You must be at peace with neighbors to succeed in tourism: Turkish Hoteliers Federation head
ISTANBULTurkey needs to improve its reputation abroad in order to prosper again in its troubled tourism sector, Turkish Hoteliers Federation head Osman Ayık has told the Hürriyet Daily News in an exclusive interview.
“The confidence factor that Turkey projected abroad has eroded. There is a certain perception in Europe about Turkey and arrivals from the continent have seen a sharp decrease. We need to take steps to reverse that trend,” Ayık said, amid ongoing rapprochement between Ankara and neighboring states partly aimed at improving the outlook in the tourism sector.
Tell us about how you are faring this tourism season.
We started to get negative signs by the end of 2014, which was actually the best year in Turkey’s tourism history, in terms of the numbers of tourists and the income levels.
But with the economic difficulties in Russia and crisis in Ukraine we started to see the signals. And with the deterioration of the situation in Syria and terror incidents, 2015 passed with big hardships. For the first time after more than a decade of tremendous boom, in 2015 we faced serious losses. With the refugee crisis as well as the particular incident we lived with Russia, the plane crisis, we were not hopeful for 2016. For certain markets we have losses that vary from 50 percent to 90 percent. The biggest one is the Russian market obviously. 2016 will be a year which we will end with a serious loss of income.
Will reconciliation with Russia be able to compensate for the losses to some degree?
Obviously one is bigger than zero. When the losses are so big, it is not easy to compensate them in short time. When reconciliation started with Russia we said, “This will bring a moral boost today, economic income tomorrow.” We hosted more than 4.5 million Russian tourists in 2014. We reached that number after 25 years and we lost more than 90 percent of that in one year. To get back to these numbers requires serious efforts.
And actually there are only a few months left in this season and there are still uncertainties. There were statements made by Russian President Vladimir Putin that the sanctions were lifted. But when we go down that level, we are still waiting for the implementation. Charter flights have not started yet. I know that there is a Turkish delegation in Russia to make it happen faster. If certain steps that we expect were to be taken, then we are estimating that between 500,000 to 700,000 Russian tourists could come over the rest of the season.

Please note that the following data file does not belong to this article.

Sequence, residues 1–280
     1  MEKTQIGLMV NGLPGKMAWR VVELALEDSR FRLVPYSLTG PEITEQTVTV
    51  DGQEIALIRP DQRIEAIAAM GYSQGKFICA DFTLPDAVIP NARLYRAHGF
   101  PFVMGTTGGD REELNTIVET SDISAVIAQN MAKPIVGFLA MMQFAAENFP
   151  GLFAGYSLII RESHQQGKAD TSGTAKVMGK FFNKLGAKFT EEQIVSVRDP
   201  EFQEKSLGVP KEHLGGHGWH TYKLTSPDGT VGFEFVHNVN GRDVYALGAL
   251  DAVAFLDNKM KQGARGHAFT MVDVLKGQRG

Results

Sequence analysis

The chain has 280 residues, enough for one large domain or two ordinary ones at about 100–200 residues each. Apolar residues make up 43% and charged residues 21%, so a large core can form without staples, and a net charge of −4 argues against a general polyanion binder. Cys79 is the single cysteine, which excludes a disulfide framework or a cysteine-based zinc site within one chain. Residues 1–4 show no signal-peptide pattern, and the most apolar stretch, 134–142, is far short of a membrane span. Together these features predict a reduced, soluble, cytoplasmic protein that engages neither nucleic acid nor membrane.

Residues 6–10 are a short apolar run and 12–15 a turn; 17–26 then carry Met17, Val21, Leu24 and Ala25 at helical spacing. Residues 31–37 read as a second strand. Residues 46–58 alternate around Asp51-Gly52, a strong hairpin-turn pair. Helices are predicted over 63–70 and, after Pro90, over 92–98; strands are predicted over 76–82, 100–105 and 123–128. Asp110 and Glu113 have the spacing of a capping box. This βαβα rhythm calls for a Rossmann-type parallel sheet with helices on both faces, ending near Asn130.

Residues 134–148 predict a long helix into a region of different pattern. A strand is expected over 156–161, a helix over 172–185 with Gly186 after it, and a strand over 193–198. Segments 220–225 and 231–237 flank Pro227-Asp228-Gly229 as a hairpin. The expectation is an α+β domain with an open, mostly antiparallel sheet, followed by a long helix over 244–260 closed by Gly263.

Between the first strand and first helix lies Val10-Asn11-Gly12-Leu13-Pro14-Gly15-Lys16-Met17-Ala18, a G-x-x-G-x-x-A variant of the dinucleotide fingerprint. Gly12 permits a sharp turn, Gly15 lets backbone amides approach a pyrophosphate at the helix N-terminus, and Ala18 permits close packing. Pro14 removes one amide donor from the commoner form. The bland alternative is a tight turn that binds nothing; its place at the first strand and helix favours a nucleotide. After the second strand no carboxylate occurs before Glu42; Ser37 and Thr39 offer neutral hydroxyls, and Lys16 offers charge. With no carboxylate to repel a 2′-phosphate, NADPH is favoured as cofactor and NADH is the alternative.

How about next year, will it be difficult to reach 4.5 million tourists from Russia?
I think it will not be easy to see that number in 2017. When there is erosion in relations it is not so easy to repair the damage. According to our estimates it might take two to three years to reach those numbers. This period could be shortened if there were no obstacles, but I think there will be some bureaucratic hurdles.
You seem to feel some dragging of feet on the Russian side.
It is about the structure of the country we are dealing with. Things changed 100 percent from Nov. 24 to Nov. 25 last year after the plane was downed.
So things can improve with the same speed.
That is precisely what I am saying. But for that you need to have the political will.
And you don’t seem to see that political will on the Russian side yet.
I personally don’t. I think there will be some cost. So I think additional steps will be required to be taken. Look, there are three or four important countries in the region. One of them is Turkey. Another one is Russia. From now on there will be many issues where these two countries will have to take joint decisions and joint actions. At a time when the redesigning of the region has started, these two countries will need to act together. It will be to the benefit of both of these two countries and the region if they were to act with great caution.
In the past Turkey and Russia continued to develop their bilateral ties despite their differences over political and regional issues. Do you think this is now over?